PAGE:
The tech giant recently ran a link at the top of users’ news feed with advice on “how to spot fake news” in 14 countries including Germany, France, Italy, the UK, US and Canada.
But it is not trying very hard. The tips included looking at an article’s URL; investigating the source of a story; and thinking more critically about whether the article is a joke.
They also recommended being “skeptical of headlines”, as fake news stories “often have catchy headlines in all caps with exclamation points”.
In other words, use your common sense.
But with spammers becoming more savvy about spreading fake news, did it really make a difference?
The message was only up for three days – with users seeing it for a maximum of three times so we doubt it. We Aussies didn’t even get a look-in – despite being some of the biggest users of Facebook in the world.
“Fake news” here to stay?
Facebook is also trying to cut down on the spread of misinformation to its 1.8 billion users by partnering with third-party “fact checkers” in a number of countries to verify stories.
Fake news was a hot topic during the US election when false stories about Donald Trump and Hillary Clinton were read and shared by millions.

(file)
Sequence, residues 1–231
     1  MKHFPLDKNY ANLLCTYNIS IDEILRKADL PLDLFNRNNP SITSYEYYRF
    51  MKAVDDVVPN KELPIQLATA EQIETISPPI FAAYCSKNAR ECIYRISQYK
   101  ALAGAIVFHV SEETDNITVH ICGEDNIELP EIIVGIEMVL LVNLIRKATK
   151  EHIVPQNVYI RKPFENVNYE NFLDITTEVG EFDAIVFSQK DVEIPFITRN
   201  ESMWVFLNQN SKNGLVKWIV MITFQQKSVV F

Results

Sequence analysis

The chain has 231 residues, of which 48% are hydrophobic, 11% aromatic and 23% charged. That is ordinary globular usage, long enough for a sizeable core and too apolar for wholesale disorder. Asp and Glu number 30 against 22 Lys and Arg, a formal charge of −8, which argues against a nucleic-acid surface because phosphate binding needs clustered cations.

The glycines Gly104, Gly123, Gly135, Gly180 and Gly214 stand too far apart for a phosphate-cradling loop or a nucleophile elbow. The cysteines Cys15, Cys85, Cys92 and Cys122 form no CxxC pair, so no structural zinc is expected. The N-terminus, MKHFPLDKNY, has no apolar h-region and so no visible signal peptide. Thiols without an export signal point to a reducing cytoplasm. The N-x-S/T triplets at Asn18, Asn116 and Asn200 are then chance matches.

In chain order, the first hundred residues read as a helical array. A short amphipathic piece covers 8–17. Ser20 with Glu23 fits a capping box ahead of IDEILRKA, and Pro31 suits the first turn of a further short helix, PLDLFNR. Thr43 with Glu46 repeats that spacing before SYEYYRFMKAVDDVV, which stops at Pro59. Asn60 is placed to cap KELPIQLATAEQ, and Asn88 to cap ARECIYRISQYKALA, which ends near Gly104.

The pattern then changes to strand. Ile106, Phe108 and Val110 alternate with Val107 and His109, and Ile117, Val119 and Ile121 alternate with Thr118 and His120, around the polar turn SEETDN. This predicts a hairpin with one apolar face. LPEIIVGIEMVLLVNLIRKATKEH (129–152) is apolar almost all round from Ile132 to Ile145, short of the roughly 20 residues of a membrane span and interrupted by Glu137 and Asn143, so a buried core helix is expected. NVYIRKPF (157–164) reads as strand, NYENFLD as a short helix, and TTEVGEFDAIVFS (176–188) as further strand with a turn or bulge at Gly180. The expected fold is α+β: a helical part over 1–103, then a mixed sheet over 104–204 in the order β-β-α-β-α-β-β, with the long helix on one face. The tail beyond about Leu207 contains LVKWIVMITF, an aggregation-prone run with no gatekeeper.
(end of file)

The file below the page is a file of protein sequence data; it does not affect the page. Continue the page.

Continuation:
One story claimed Barack Obama had banned the pledge of allegiance in US schools, while another said Hillary Clinton was part of a paedophile ring.
Just recently, Facebook suspended over 30,000 accounts in France to determine if they were fake and potentially spreading false news to disrupt its presidential election.
The 30 most popular fake news stories on political topics were shared around 900,000 times in the last two months, according to the French President’s office.
But really shouldn’t we be aiming to stop the spread of these stories in the first place?
Germany has just introduced legislation that could see social networks fined up to 50 million Euros if they fail to take down illegal content within 24 hours or don’t offer users the chance to report hate speech and fake news.
Could it work here?